Booming oil production in North America driven by the shale energy revolution has created a global "supply shock" that is reshaping the industry, the International Energy Agency said on Tuesday.
"North America has set off a supply shock that is sending ripples throughout the world," said IEA Executive Director Maria van der Hoeven while presenting the agency's five-year outlook for the oil market.
The shale oil and gas boom has become the gold rush of the 21st century, with tens of billions of dollars in revenues and hundreds of thousands of new jobs in places as remote as North Dakota, in the Great Plains of the United States.
"A mature economy which some 150 years ago had been the cradle of the oil industry, but had since faced what seemed like an irreversible production decline, (has) all of a sudden found itself at the centre of a new oil boom," the IEA said.
The boom has created a brand new energy supply in a development that "will be as transformative to the market over the next five years as was the rise of Chinese demand over the last 15."
While Canada has long been a major energy exporter, the rise of shale-based hydrocarbons has meant a crucial change for the United States, which could move from the being world's leading importer of oil to a net exporter within the next few years.
An IEA forecast in November had already made headlines in forecasting that the United States would become the world's biggest oil producer by 2017 thanks to shale energy.
But the some of extracting methods behind the boom have proved controversial, with environmentalists worried they pose a major threat to the environment and may even trigger earthquakes.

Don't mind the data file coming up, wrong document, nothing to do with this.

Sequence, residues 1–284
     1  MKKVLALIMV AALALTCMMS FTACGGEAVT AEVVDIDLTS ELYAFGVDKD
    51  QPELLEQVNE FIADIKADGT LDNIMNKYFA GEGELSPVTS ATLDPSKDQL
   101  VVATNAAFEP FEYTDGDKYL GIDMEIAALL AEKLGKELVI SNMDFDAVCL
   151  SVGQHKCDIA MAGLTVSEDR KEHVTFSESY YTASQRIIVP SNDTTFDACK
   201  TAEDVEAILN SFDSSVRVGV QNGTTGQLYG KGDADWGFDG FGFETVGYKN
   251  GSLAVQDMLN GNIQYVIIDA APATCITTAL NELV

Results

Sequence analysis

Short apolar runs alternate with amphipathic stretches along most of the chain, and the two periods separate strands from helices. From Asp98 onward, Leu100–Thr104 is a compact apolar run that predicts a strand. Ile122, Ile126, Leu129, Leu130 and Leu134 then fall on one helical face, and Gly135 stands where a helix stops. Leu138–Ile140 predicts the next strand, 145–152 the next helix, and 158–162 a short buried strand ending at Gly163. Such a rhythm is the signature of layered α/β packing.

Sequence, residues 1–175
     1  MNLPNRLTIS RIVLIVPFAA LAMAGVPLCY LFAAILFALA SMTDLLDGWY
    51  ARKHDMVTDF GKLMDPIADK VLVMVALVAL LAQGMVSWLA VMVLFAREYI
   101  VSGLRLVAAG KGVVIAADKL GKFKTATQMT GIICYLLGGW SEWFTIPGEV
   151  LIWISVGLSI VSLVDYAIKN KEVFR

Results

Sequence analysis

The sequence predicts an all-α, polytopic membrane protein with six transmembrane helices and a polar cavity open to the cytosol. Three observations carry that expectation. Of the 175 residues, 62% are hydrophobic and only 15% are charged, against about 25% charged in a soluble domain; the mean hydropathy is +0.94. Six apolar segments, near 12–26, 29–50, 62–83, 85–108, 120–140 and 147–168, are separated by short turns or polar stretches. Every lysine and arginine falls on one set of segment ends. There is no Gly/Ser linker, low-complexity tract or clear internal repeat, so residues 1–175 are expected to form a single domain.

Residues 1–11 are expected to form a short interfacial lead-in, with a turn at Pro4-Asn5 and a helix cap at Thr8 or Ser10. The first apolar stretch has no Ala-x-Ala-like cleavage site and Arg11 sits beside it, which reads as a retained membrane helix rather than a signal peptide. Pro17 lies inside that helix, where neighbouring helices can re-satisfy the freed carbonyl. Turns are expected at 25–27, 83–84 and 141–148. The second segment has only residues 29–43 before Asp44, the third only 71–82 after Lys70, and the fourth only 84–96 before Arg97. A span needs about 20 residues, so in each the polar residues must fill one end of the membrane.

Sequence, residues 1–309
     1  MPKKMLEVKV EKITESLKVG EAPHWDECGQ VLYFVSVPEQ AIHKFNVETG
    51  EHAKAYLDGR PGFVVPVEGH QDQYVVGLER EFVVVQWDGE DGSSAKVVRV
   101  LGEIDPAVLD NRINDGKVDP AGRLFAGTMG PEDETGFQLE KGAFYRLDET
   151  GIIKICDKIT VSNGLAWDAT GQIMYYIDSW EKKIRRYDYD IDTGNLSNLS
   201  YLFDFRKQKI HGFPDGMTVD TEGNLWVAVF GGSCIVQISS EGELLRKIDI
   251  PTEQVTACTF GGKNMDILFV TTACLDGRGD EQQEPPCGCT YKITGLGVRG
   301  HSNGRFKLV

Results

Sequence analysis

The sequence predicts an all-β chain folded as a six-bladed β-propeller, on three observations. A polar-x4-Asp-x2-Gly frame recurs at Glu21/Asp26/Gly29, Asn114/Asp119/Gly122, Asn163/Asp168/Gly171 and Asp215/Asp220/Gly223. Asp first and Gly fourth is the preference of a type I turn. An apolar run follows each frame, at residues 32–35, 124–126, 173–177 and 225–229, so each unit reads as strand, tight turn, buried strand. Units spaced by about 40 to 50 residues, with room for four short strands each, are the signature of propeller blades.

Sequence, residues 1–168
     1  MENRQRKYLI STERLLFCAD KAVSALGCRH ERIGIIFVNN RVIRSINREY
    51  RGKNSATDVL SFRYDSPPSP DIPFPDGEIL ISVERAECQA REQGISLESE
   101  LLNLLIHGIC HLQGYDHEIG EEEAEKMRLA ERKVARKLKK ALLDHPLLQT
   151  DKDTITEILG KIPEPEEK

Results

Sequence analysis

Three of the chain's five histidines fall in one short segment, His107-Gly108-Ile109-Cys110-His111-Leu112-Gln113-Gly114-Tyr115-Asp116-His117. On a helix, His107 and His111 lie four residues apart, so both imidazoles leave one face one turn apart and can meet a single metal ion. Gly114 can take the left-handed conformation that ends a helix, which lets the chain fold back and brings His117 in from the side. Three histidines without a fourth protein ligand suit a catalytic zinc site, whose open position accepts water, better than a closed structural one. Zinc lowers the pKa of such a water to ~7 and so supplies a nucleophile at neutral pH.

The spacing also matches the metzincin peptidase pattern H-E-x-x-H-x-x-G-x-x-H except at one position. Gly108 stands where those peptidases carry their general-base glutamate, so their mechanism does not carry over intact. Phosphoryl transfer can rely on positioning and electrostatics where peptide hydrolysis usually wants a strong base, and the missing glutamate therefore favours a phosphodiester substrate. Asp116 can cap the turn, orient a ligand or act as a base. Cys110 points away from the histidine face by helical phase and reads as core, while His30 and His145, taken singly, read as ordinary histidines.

On the back of this unconventional output, the IEA said it expected North American supply to grow by 3.9 million barrels per day (mbd) from 2012 to 2018, or nearly two-thirds of total forecast non-OPEC supply growth of 6.0 mbd.
But North America was "just one part of the story" the IEA said as production capacity in traditional OPEC suppliers in the Middle East will continue to grow in the next five years, "though adversely affected by growing insecurity in North and Sub-Saharan Africa" in the wake of the Arab Spring uprisings.
OPEC capacity, which counts for 35 percent of today's global oil output, is expected to gain 1.75 mbd to 36.75 mbd in 2018, about 750,000 barrels per day less than under a 2012 forecast
"In virtually every other aspect of the market, developing economies are in the driver's seat," the IEA said with non-OECD economies overtaking OECD nations in terms of oil demand for the first time this quarter.
"The demand trend for the OECD appears entrenched in a long-term structural decline which is expected to persist through the forecast," the report said with non-OECD demand estimated to rise from 49 percent of global demand in 2012 to 54 percent in 2018.
The IEA, an OECD offshoot that tracks the energy market for the world's industrialised nations, meanwhile raised marginally its earlier outlook for global oil demand growth in 2013 to 90.6 mbd.
The forecast for non-OPEC supply in 2013 meanwhile was raised 50,000 to 54.5 mbd due to strong output in North America.
Oil prices eased in response to the report, with the price of Brent North Sea crude for delivery in June giving up 13 cents from Monday's close to $102.69 in late trading in London.
New York's main contract, West Texas Intermediate (WTI) or light sweet crude for June, shed 18 cents to $94.99 a barrel.